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Detroit — A $50 million cash infusion has come through for the independent health care trusts established to administer benefits for Detroit city retirees post-bankruptcy.

The voluntary employee beneficiary associations, or VEBAs, were created through the city’s landmark restructuring plan to significantly lower $4.3 billion in long-term liability for general and public safety retiree health care and other post-benefits.

The Detroit News reported earlier this month that the trusts were running out of cash and had been working on the stopgap fix.

Attorney Michael VanOverbeke, general counsel for the trusts, confirmed that the Detroit Police and Fire Retirement Healthcare Trust and the General Retiree Healthcare Trust closed Friday on a two-year financing deal with Citi that will allow the VEBAs to continue to pay current retiree healthcare benefits.

“This is great news because it means the plans have liquidity within them now to continue to pay the level of benefits that they deem are appropriate for the next few years,” Vanoverbeke said Tuesday.

The city issued $450 million in new promissory notes toward funding the two trusts. But just over six months out of bankruptcy, those notes — valued at around 60 cents on the dollar — haven’t yet gained adequate value in the bond markets.

The funding deal will keep the trusts funded for the next two years and avoid immediate liquidation of the notes.

“While the VEBAs maintain the risk that the Series B Notes may fall in value and a forced sale in the discounted market may be required, we believe that the financing provided by Citi is the best choice to maximize the benefits that can ultimately be paid to retirees,” VanOverbeke wrote in an email.

The loan, VanOverbeke said, is expected to provide the health care trust boards with sufficient cash flow to continue to pay benefits over the next two years. At that time, they should be able to monetize all, or a portion of, the B Notes.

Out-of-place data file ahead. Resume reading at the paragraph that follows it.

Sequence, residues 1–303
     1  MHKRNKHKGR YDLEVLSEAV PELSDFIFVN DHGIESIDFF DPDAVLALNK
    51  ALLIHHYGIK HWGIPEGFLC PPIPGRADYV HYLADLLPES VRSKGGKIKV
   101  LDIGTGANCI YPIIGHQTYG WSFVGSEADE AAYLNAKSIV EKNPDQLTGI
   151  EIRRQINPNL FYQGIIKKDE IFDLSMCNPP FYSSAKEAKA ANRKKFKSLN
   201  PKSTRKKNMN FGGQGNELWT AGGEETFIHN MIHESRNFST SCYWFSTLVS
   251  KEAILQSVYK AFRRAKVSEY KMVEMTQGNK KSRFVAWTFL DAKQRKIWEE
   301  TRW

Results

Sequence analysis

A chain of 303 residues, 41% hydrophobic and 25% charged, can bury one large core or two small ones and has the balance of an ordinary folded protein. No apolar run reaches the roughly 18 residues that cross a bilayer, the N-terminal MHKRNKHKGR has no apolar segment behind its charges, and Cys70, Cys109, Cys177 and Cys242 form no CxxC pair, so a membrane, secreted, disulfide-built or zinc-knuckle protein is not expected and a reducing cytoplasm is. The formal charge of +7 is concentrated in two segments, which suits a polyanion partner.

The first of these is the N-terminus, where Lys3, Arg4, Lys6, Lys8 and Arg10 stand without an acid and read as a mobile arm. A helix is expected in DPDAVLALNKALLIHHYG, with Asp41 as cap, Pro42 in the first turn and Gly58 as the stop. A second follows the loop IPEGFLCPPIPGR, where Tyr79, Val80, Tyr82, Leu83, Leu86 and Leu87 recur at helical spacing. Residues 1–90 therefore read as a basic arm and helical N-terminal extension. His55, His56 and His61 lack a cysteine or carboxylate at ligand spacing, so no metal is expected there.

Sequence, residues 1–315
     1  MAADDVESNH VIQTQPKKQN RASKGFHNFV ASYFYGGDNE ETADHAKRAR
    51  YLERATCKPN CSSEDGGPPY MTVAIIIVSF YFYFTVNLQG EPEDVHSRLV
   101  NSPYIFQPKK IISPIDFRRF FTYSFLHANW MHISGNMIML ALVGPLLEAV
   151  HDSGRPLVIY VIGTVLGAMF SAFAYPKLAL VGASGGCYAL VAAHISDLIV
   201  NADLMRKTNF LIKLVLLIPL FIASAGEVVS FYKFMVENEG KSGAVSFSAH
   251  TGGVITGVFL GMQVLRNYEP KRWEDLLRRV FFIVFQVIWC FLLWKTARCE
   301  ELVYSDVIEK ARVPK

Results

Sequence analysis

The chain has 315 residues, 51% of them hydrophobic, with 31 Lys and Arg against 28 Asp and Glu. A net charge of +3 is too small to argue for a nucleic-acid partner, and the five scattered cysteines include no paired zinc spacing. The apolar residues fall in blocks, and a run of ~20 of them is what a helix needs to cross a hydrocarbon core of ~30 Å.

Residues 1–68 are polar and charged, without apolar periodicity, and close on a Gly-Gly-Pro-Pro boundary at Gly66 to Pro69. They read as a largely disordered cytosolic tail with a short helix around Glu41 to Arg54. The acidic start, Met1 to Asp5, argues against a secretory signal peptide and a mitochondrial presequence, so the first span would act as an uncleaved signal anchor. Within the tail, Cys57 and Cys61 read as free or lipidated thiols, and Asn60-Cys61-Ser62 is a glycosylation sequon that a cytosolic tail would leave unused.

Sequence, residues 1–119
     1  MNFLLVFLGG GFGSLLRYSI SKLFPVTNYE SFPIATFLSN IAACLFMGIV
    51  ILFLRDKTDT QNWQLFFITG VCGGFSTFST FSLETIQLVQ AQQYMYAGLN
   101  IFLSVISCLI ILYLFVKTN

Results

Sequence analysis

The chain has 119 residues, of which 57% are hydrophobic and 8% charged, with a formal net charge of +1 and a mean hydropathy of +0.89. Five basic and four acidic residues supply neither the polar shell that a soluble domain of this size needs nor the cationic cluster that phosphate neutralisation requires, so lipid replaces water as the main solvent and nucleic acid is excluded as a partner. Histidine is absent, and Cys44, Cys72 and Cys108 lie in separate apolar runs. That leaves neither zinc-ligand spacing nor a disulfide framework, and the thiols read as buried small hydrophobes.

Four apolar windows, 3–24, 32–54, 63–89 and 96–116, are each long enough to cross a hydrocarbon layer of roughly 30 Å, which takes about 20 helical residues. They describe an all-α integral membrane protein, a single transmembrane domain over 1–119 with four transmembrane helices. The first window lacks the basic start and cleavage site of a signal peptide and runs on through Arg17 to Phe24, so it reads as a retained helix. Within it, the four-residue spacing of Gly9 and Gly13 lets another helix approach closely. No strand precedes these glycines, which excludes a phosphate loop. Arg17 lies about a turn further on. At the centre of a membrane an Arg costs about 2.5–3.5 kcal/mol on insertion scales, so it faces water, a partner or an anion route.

The interest rate on draw down of funds from the Citi loan is 5.58 percent.

In recent months, the two VEBA boards had been looking at options that will keep the trusts properly funded for the next few years and a broader analysis to best sustain them in the future.

The general VEBA has 9,406 participants. For the police and fire, there are 7,735.

The IRS tax-exempt trusts are used across the country to protect and hold assets. In Detroit, they began providing health and welfare benefits to eligible retirees and their beneficiaries in January.

The VEBAs received start-up cash from foundations and a Rate Stabilization Reserve Fund maintained by the city’s employee benefits plan.

The notes for the VEBAs are an obligation of the city that eventually have to be paid off.

When established, the trusts had less than the full amount needed to cover all future retirement benefits.

The VEBA boards, with actuaries and health care experts, are evaluating the best routes for keeping the trusts sustainable in the long term.

VanOverbeke said the trusts will be meeting with actuaries in the coming weeks to discuss an initial evaluation on plan design and funding strategies.

CFerretti@detroitnews.com

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